The Internal Revenue Service announced in late June an increase in the optional standard mileage rate for the last half of 2011. The rate has been increased from 51 cents to 55.5 cents per mile for business travel from July 1, 2011 to December 31, 2011. The IRS ordinarily updates mileage rates each Fall for the next calendar year. This increase comes ahead of schedule in recognition of rising gas prices.
In general, employers must reimburse employees for expenses such as gas incurred during travel for business purposes. California does not set any specific reimbursement rate for mileage for private employers who use their own vehicles for work purposes; the mileage rate set by the IRS is optional. However, an employer could be liable for any costs incurred not covered by the employer’s alternate mileage reimbursement rate.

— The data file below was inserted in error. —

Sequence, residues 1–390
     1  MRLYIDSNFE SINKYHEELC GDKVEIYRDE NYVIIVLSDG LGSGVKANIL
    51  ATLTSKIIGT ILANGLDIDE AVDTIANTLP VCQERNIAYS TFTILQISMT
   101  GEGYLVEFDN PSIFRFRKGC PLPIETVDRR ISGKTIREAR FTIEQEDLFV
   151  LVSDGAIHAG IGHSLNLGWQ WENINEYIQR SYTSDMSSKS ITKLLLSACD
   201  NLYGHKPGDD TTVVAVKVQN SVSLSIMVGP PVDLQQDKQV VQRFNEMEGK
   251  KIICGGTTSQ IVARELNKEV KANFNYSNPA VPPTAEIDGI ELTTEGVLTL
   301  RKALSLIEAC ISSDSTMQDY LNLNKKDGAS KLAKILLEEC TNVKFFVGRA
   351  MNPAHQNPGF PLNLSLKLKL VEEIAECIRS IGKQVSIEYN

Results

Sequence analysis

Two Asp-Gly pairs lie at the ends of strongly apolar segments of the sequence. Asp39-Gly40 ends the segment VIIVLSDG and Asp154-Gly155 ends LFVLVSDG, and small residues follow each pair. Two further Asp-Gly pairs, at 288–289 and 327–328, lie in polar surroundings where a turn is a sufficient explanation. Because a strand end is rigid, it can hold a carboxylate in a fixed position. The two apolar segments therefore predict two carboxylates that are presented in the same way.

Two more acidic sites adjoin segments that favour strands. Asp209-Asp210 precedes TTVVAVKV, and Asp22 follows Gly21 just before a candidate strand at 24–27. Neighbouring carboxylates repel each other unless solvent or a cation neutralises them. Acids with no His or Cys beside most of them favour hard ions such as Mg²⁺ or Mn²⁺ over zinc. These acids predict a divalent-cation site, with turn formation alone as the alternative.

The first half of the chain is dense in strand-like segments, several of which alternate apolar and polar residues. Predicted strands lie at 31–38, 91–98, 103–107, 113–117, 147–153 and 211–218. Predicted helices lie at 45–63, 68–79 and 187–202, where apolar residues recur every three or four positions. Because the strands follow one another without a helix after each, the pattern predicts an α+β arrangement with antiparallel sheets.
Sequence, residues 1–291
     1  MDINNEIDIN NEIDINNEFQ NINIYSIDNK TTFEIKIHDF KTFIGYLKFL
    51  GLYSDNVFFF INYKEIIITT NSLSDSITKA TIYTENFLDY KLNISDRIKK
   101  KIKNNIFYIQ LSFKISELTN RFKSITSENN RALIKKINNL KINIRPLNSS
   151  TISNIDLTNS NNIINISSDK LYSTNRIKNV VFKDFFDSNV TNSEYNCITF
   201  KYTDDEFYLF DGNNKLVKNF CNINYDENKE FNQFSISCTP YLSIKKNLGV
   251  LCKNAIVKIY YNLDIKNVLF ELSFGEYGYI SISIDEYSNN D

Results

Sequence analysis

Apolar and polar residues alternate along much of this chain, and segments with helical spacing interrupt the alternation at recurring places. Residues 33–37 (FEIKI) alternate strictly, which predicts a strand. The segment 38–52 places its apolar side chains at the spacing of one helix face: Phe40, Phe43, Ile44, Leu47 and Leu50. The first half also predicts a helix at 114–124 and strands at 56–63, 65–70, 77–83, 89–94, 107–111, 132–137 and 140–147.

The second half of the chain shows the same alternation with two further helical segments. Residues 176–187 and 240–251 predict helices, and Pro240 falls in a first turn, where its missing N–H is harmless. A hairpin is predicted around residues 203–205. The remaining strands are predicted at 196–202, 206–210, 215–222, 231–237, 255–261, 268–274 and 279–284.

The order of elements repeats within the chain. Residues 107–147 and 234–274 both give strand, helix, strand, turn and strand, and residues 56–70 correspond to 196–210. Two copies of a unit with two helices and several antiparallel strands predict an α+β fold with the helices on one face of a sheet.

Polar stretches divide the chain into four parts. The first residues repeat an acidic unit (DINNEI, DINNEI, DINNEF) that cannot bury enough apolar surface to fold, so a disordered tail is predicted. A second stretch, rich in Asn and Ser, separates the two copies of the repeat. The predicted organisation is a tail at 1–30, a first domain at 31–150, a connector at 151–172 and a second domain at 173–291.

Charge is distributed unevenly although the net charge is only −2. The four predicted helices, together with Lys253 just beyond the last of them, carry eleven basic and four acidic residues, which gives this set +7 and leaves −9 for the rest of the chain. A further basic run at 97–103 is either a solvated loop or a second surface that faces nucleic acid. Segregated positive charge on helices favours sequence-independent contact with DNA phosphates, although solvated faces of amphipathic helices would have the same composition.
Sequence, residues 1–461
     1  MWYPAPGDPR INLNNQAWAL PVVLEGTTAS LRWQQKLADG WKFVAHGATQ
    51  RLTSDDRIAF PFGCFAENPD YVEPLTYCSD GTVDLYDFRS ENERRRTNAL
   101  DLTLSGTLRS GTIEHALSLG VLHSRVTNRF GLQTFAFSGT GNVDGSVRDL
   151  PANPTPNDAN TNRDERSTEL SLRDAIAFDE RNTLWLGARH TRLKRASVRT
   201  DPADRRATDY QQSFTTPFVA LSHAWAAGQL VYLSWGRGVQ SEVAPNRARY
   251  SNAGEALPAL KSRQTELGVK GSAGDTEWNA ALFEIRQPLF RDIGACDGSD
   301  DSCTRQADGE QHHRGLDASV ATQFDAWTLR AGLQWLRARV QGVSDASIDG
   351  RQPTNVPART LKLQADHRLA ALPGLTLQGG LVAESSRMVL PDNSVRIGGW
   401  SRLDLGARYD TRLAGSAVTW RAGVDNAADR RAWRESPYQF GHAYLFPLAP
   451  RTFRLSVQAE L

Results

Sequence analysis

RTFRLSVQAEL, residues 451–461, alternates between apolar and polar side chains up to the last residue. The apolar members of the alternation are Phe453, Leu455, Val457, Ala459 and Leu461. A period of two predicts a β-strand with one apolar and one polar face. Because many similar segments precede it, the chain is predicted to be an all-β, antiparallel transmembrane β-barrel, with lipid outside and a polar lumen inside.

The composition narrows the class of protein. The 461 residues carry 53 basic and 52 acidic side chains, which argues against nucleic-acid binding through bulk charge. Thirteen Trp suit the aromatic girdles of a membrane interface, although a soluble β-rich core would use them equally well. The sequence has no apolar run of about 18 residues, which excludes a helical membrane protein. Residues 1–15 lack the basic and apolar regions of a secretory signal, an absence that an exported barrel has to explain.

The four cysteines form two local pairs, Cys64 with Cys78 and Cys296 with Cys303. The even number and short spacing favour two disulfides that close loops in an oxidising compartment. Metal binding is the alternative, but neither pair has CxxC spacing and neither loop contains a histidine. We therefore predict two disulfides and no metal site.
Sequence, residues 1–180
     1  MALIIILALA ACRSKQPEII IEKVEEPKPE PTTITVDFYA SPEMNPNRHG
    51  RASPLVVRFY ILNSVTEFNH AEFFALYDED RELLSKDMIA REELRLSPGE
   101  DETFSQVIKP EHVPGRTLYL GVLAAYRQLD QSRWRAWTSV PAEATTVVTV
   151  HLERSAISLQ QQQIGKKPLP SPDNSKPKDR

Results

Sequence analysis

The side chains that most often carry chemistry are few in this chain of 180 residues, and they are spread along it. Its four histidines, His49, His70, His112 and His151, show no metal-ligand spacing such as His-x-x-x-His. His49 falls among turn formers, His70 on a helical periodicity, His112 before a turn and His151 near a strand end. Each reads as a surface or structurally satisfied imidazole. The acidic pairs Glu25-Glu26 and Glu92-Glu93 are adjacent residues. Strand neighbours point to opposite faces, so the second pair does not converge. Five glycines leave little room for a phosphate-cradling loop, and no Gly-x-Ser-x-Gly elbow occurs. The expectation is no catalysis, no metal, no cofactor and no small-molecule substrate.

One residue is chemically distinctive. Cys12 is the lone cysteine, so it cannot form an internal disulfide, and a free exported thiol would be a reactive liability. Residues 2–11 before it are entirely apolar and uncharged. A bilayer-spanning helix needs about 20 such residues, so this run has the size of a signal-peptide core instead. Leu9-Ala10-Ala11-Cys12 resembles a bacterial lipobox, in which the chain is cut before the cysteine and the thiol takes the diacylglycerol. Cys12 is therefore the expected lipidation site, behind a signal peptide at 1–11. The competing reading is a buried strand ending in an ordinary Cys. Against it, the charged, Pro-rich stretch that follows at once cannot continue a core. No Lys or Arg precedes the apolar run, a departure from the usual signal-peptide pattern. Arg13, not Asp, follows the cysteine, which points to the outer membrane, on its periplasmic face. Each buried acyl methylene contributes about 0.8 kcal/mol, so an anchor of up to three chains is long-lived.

If an employee brings a wage claim for mileage reimbursement, the Labor Commissioner will generally use the IRS rate to calculate the unpaid mileage. The IRS mileage rate is presumed to be sufficient to cover average costs of operating a vehicle, including insurance carried by the employee on a personal vehicle, without evidence to the contrary.
As long as an employee requesting mileage reimbursement substantiates the business purpose within a reasonable time (two months is a safe harbor), the reimbursement is excluded from the employee’s gross income and is exempt from the withholding and payment of employment taxes..
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